great ideas

Well, Why Didn’t We Think Of That? A Lifehacker Thinks Google Should Buy Detroit

Sergey Brin for city council president!
Mayor Page. (Wikipedia)

Mayor Page. (Wikipedia)

The solution to Detroit’s bankruptcy is smacking us right in the eyeballs: Have Google buy it.

The idea comes from one Brandon Tomlin, a self-proclaimed lifelogger/lifehacker who cobbled together some neat urban-studies fan fiction re: rescuing the Michigan city. He figured since Detroit’s debt and liabilities total a measly $20 billion and Google has a market cap of $300 billion, it would be a steal for the search giant to rebuild the city.

So what does Mr. Tomlin envision for Googletroit?

For starters, why not turn the driverless car program into Google Cars and plunk it into the city? He writes that, thanks to the power of negotiation, the company could develop its automobiles at a premium and soon we’d all be zipping around Motown like a modern-day Henry Ford. Don’t you feel like an idiot for not thinking of that?

Also, Detroit citizens would obviously have to abide by Google’s rules, meaning that Larry Page and company could use the city as a “real life testing ground for all of their technologies without having to comply to city laws and regulations.” We’re picturing a lawless society where Google Glass are freely allowed inside bathrooms everywhere.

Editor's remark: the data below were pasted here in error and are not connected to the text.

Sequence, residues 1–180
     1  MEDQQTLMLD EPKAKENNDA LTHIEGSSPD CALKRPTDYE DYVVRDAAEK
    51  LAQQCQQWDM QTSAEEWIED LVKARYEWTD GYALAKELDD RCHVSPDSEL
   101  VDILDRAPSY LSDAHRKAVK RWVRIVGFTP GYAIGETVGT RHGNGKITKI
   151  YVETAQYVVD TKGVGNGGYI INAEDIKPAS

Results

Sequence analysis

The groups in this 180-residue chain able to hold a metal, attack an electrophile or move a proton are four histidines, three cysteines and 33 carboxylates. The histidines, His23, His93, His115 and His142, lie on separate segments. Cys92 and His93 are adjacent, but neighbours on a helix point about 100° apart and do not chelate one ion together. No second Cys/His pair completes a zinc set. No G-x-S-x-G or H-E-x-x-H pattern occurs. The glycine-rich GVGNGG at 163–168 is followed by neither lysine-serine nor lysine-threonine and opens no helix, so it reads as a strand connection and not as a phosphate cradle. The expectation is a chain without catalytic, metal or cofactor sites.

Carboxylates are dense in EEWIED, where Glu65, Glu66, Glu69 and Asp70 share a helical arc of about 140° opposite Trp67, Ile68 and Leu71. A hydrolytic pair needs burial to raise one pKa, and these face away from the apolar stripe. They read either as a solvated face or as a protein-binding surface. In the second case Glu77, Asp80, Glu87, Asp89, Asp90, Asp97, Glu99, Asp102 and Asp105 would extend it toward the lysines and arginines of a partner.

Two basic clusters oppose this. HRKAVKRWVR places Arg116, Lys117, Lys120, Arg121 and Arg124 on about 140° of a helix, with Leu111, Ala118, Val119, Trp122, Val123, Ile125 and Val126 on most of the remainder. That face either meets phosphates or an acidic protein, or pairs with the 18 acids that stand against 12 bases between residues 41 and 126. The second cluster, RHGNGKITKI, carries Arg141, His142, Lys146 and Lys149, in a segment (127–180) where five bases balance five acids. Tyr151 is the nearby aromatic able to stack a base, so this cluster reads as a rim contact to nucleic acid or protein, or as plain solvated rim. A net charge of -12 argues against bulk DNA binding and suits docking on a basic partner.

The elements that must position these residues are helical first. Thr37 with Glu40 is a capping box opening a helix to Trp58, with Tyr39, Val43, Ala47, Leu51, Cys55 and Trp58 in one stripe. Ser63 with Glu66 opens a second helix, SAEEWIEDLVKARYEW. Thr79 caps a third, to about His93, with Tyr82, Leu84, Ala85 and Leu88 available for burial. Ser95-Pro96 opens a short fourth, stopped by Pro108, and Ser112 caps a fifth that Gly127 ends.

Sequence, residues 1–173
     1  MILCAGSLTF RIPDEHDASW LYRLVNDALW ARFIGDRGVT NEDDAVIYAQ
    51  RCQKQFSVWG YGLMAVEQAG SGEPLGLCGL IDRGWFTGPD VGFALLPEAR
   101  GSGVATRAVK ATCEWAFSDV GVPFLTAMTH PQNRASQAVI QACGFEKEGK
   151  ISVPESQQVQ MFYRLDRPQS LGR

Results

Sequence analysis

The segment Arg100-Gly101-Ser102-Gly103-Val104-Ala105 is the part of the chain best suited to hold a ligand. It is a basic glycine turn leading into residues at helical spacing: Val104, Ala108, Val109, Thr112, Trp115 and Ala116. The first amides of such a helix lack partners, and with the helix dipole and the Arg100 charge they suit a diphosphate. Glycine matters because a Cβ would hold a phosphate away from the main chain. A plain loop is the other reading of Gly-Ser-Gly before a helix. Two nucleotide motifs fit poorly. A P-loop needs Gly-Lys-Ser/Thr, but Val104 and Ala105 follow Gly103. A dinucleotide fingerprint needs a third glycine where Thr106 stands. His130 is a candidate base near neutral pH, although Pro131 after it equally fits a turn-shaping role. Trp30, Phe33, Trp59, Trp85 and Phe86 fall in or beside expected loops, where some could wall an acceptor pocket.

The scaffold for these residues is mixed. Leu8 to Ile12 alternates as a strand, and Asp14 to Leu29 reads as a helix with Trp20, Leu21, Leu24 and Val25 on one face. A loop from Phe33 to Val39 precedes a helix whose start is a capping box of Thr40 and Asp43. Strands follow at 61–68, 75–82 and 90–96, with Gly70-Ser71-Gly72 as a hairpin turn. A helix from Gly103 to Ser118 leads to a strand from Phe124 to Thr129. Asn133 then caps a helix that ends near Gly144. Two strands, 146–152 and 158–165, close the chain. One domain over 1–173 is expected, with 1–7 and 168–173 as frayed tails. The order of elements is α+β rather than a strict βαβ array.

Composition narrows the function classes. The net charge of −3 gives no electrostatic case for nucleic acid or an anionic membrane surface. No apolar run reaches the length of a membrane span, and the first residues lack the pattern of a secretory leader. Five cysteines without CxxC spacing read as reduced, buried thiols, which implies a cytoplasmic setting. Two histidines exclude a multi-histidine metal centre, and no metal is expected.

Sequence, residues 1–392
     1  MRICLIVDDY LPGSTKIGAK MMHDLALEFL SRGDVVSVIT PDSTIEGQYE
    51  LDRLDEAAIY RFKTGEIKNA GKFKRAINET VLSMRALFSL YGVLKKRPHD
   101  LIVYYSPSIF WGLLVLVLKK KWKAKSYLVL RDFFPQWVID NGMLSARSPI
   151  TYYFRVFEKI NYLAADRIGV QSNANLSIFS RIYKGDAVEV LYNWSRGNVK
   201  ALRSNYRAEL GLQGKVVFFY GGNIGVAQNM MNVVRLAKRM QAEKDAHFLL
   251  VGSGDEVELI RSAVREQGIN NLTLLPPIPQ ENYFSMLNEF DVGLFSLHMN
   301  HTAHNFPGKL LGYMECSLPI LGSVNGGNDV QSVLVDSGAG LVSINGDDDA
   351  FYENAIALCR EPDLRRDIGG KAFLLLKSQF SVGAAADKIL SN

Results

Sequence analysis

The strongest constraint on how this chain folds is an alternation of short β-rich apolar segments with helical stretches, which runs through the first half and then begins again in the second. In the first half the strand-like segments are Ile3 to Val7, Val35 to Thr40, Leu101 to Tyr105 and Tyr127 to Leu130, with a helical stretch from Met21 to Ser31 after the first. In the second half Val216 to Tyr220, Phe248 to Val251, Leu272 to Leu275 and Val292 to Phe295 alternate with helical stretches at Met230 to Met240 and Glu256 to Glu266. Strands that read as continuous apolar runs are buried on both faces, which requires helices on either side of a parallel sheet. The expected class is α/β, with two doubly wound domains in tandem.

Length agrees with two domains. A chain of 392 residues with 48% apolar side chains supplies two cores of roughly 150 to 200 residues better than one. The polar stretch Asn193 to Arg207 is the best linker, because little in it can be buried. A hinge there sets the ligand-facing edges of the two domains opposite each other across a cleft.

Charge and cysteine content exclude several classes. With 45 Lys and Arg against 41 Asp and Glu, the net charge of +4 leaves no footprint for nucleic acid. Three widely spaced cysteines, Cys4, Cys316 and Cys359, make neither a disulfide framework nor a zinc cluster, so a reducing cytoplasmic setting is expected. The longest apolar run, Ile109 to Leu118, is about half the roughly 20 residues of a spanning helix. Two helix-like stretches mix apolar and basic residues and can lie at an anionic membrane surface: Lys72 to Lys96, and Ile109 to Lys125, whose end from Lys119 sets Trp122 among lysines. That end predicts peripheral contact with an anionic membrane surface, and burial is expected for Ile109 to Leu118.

Then, once this ideal of a rainbow-colored anarchic society devoid of rules materializes flawlessly, other cities can take note on how to developed a technology-focused city. “It also may radically [change] our perspectives on education, transportation, green energy, and public policy,” he writes.

There’s really no downside to this, he concludes:

Having a city such as this would draw in leading minds from all around the world, including scientist, engineers, coder, IT experts, and green architects. These individuals could present groundbreaking ideas and test their new technologies on a laboratory scale that has been historically unprecedented.  Taking Detroit from the automotive center of the United States and transforming it into an innovative technological hub could challenge the authority of Silicon Valley as the most technologically inventive city in the world.

Sounds like hell.

Follow Jordan Valinsky on Twitter or via RSS. jvalinsky@observer.com